Highly entertaining read for those who lived through Mrs Whitehouse's era of letterwriting...possibly an insight into a lost world for the email-only generation. A tad wordy in its style (the writer loves his complex sentences...) but a thorough and sometimes biting overview of an uptight, Daily Mail-reading woman who was already thirty years too late by the time she wrote her first letter.
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Format: Hardcover Verified Purchase
Like a lot of people who grew up in the 1970s, I have always felt that Mary Whitehouse was a prudish, fun-hating bigot on the wrong side of just about every issue she got involved with. I can't say this book changed my mind about her, but I was left with respect for the fact she stood up for what she believed in, and never gave up her point. She comes out of the book as a more complex character than one might have thought, but hardly more likeable (although some of her antagonists were supercilious and patronising to the extent that there were a couple of instances in the book where I felt myself cheering Mary on). The irony is that while Mrs Whitehouse was getting aerated about what was being broadcast, we now know that far worse was going on behind the scenes of British light entertainment, and probably had been for some time.

Anyway, this is a highly entertaining read which tells you a lot about the state of British culture in the 70s and 80s, about the British right of the same period - and about just how ghastly some of the bien pensant cultural panjundrums of the era could be.
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By traveller TOP 500 REVIEWER on 6 Jan 2014
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I found this quite a difficult book to 'get into' but otherwise it provides an insight into how Mary Whitehouse and her organisation came to prominence, and the concerns they raised about TV content. It also reflects how society changed from the 1960s to the 1980s and beyond regarding TV programme content.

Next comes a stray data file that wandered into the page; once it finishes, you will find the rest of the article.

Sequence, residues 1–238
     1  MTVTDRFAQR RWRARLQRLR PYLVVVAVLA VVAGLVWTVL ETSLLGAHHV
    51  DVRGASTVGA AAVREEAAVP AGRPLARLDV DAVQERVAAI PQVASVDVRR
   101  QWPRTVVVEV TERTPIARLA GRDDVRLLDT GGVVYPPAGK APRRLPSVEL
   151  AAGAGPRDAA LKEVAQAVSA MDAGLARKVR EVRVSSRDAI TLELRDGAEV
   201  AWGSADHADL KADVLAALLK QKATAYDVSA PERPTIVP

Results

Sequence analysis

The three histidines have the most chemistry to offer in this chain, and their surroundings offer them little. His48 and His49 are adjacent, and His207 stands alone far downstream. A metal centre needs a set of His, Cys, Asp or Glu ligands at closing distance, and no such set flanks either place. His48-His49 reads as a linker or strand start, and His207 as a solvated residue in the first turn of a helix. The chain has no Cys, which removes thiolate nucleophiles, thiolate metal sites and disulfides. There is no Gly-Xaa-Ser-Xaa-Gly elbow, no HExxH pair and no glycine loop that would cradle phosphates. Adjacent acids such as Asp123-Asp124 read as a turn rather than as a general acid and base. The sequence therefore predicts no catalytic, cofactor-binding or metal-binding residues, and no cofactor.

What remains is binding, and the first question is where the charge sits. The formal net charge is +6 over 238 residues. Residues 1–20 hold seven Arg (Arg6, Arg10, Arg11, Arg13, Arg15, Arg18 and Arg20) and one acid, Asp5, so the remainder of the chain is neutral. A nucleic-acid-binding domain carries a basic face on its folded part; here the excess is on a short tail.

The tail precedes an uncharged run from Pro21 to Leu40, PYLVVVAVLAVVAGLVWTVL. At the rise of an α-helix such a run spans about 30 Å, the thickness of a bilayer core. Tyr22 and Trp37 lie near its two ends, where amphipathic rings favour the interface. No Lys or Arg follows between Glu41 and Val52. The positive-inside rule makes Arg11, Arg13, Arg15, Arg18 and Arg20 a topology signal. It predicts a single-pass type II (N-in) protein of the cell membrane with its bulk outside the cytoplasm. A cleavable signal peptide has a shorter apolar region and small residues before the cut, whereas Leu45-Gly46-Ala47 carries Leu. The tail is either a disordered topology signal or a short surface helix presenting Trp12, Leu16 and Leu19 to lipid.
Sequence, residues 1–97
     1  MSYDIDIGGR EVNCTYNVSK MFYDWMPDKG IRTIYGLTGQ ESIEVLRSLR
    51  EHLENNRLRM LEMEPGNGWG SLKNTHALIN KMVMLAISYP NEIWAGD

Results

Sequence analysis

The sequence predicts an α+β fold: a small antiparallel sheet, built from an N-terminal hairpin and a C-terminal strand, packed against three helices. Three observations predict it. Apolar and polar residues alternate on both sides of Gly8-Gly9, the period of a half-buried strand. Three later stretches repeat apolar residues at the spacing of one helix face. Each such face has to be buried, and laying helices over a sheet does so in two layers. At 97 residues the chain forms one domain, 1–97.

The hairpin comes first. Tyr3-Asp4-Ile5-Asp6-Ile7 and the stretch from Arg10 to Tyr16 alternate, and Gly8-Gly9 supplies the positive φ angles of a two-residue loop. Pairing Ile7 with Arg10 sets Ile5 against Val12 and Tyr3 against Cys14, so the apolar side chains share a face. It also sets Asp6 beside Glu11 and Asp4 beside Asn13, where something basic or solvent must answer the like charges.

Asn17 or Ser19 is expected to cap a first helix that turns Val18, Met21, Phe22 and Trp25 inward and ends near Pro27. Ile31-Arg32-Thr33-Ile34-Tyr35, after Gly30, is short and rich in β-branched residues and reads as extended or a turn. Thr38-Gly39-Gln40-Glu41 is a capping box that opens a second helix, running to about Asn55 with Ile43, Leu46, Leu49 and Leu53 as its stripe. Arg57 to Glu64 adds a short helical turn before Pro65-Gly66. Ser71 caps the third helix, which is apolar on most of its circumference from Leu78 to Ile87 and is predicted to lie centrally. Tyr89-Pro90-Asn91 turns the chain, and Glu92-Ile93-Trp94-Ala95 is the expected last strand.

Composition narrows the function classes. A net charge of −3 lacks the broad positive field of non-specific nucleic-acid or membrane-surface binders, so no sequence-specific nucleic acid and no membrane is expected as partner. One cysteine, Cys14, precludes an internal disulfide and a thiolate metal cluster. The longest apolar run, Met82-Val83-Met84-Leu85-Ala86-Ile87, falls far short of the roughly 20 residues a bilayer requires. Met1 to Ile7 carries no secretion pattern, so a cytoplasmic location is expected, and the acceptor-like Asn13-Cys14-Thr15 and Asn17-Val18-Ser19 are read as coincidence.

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4 of 6 people found the following review helpful By Matt W on 24 Dec 2012
Format: Kindle Edition Verified Purchase
Certainly provides insight into the changes in what's viewed as 'acceptable' in popular culture over the last couple of generations. Finished the book with a feeling we have become more tolerant in many ways (for the better) but much more 'moralistic' since the end of the 20th Century with regard to aspects of ethics that were of no concern to the subject.

She really was an interesting character.
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3 of 5 people found the following review helpful By Marts on 8 Jan 2013
Format: Hardcover Verified Purchase
I bought this for a friend, I must say as I thought it would be quite funny given the focus on the correspondence. However I am told that whilst it wasn't as light in that respect it was very interesting. In particular I am told that she quite often saw controversial things that weren't there and her letters were full of freudian slips! Another aspect that is perhaps overlooked is how some of her warnings were arguably a portent of problems to come with light touch regulation of some channels.